What is the central idea of Kate Chopin's novel The Awakening?

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The central idea of Kate Chopin's novel The Awakening can be identified in the title of the work. Edna Pointellier, the protagonist of the story, experiences both a psychological/emotional awakening and a sexual one, and the consequences of her personal development prove to be very dramatic for Edna and the members of her family and community.

The central idea of a literary work is also called its theme, and it often includes the notion of a lesson that can be learned from the literary work. From The Awakening, a reader might learn about the high cost of repressing one's own needs for those of others. Edna has given up herself for her family, and eventually, she wakes up and experiences a deep sense of agency, only to take her own life in an ironic gesture of self-actualization.

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The central theme of Kate Chopin’s novel The Awakening is implied by the title itself. The book is very much about a variety of different kinds of “awakening” experienced by Edna Pontellier, the main character of the work. Interestingly enough, the title Chopin had originally planned for her text had been A Solitary Soul, a title that would have emphasized Edna’s alienation and isolation. Instead, the present title emphasizes her transformation and her growing consciousness and strength.

Edna awakens, in this work, in a number of ways, including the following:

  • She awakens to the fact that she is not happy in her marriage and that she finds her present life largely unfulfilling.
  • She awakens to a sense of her growing distance from her husband and from much of what he represents.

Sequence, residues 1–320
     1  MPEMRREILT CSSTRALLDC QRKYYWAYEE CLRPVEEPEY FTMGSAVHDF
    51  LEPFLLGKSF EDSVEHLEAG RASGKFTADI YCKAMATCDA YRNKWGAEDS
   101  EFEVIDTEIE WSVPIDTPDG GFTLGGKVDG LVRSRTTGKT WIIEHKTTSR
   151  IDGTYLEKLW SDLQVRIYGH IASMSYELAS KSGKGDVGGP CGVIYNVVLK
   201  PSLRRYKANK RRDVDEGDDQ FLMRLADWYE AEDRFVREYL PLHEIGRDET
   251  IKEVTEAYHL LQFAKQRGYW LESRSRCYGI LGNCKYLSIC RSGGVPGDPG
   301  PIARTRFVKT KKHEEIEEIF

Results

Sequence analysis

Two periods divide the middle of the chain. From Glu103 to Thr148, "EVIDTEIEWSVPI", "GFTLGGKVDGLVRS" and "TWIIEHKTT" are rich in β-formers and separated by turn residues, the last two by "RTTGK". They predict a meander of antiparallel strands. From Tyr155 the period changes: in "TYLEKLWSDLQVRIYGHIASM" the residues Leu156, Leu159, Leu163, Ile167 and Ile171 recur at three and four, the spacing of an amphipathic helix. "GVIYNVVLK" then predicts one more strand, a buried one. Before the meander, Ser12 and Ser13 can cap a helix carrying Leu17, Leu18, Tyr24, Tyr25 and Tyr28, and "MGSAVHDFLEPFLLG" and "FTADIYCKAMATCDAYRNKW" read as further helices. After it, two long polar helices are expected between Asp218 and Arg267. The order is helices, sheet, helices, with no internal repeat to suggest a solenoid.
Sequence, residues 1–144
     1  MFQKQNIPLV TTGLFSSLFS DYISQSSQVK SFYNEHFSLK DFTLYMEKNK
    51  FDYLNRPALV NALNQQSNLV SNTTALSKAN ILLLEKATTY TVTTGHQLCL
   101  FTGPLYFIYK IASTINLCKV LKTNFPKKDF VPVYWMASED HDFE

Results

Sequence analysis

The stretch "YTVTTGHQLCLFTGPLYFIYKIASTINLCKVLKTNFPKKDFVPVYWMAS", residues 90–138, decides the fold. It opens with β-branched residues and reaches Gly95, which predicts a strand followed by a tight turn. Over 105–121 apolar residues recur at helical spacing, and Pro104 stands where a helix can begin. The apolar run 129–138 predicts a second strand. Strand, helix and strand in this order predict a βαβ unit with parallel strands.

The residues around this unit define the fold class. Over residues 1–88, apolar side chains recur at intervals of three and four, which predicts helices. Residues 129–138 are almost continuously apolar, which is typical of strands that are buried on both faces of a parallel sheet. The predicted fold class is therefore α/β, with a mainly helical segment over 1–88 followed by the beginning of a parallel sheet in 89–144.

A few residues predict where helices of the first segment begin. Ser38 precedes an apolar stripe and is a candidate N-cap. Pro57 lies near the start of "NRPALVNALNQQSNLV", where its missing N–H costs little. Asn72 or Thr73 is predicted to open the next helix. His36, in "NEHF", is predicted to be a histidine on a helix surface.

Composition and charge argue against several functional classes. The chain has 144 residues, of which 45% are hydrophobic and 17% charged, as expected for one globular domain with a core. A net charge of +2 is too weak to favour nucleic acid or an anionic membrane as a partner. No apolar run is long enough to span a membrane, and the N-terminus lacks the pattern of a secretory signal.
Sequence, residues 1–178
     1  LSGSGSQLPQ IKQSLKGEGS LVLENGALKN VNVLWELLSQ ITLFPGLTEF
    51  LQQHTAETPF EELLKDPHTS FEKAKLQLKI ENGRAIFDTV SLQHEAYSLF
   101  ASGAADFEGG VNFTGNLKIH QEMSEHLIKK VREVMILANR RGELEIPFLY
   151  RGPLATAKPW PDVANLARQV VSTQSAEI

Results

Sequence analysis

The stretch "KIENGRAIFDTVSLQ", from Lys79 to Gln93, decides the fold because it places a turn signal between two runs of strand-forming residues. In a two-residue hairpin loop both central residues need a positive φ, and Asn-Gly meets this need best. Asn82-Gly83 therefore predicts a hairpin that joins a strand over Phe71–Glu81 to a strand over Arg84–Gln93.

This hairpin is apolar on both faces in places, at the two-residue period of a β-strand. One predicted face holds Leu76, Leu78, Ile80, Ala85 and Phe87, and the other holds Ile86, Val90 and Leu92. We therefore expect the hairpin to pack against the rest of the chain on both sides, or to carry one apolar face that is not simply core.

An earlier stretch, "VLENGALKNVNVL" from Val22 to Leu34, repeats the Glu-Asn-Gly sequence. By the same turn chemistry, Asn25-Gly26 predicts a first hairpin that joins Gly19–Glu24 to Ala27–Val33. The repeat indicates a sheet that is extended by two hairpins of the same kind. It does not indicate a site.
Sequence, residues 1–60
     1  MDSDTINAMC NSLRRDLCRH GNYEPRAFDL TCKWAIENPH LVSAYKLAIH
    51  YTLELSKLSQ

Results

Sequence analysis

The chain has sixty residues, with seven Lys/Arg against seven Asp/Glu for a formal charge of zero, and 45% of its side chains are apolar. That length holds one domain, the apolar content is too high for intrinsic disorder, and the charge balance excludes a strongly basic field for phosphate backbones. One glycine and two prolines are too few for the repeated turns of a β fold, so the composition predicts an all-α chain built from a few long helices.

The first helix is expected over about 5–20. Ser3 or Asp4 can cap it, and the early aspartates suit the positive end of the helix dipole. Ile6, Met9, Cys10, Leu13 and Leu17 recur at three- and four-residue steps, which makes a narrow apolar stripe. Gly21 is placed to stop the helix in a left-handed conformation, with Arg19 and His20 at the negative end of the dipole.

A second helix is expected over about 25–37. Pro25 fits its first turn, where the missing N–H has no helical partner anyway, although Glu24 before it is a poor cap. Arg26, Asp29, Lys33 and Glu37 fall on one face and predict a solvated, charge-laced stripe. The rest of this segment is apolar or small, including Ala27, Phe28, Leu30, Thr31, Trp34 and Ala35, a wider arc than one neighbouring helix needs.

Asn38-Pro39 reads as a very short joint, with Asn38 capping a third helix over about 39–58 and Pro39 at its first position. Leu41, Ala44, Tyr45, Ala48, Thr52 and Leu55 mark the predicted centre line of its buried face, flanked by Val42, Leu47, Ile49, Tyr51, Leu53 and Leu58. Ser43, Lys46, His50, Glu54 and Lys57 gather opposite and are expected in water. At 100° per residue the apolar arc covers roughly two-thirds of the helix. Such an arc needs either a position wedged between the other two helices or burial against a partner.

• She awakens to the fact that she is not a “mother-woman” – in other words, not a woman whose mind and feelings are centered on her children.
  • She awakens to a growing romantic and even sexual attraction toward Robert Lebrun, who differs significantly from her husband.
  • She awakens to a growing sense of her own power and potential – a fact symbolized by her very first swim in the ocean.
  • She awakens to a growing sense of artistic skill and artistic ambition, both of which are symbolized by her increasing devotion to her painting.
  • She awakens to the idea that sex and love may not always go together; thus, she loves Robert, but she has sex with Alcee.
  • She awakens to the idea that she can live her own life and be her own woman, as is symbolized by her purchase of her own little house near the end of the novel.
  • Finally she awakens (if that is the right verb) to the idea that she may never achieve true freedom and true fulfillment and that the only option open to her may be the option of self-destruction.

Chopin describes various literal awakenings from sleep throughout the novel, and she also repeats variations of the word “awake” throughout the text. One of the most significant of these comes near the end of the book, when Edna finally sees Robert again:

She found in his eyes, when he looked at her for one silent moment, the same tender caress, with an added warmth and entreaty which had not been there before – the same glance which had penetrated to the sleeping places of her soul and awakened them.

This passage helps remind us that Robert was instrumental in helping to "awaken" Edna, but by this point in the novel she is so thoroughly awakened -- so completely liberated from traditional assumptions -- that she shocks even Robert and takes some delight in doing so. Edna is now awakened in ways that had never been the case before, which is why the final paragraphs of the book, which can be read either as a fuller awakening or as a resignation to the deepest sleep of all, have so often been debated.


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